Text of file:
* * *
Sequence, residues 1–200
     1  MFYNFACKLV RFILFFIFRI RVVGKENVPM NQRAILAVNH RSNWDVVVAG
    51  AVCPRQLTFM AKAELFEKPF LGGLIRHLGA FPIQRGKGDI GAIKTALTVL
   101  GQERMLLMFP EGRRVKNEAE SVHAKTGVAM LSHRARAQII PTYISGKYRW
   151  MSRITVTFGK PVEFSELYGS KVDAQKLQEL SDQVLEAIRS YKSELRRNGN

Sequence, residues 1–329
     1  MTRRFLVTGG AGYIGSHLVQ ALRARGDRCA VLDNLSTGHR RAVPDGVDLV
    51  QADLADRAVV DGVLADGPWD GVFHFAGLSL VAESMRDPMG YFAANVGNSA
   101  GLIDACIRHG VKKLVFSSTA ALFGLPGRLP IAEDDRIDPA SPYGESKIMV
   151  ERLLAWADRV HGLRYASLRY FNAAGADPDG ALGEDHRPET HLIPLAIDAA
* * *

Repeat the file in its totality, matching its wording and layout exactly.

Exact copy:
Sequence, residues 1–200
     1  MFYNFACKLV RFILFFIFRI RVVGKENVPM NQRAILAVNH RSNWDVVVAG
    51  AVCPRQLTFM AKAELFEKPF LGGLIRHLGA FPIQRGKGDI GAIKTALTVL
   101  GQERMLLMFP EGRRVKNEAE SVHAKTGVAM LSHRARAQII PTYISGKYRW
   151  MSRITVTFGK PVEFSELYGS KVDAQKLQEL SDQVLEAIRS YKSELRRNGN

Sequence, residues 1–329
     1  MTRRFLVTGG AGYIGSHLVQ ALRARGDRCA VLDNLSTGHR RAVPDGVDLV
    51  QADLADRAVV DGVLADGPWD GVFHFAGLSL VAESMRDPMG YFAANVGNSA
   101  GLIDACIRHG VKKLVFSSTA ALFGLPGRLP IAEDDRIDPA SPYGESKIMV
   151  ERLLAWADRV HGLRYASLRY FNAAGADPDG ALGEDHRPET HLIPLAIDAA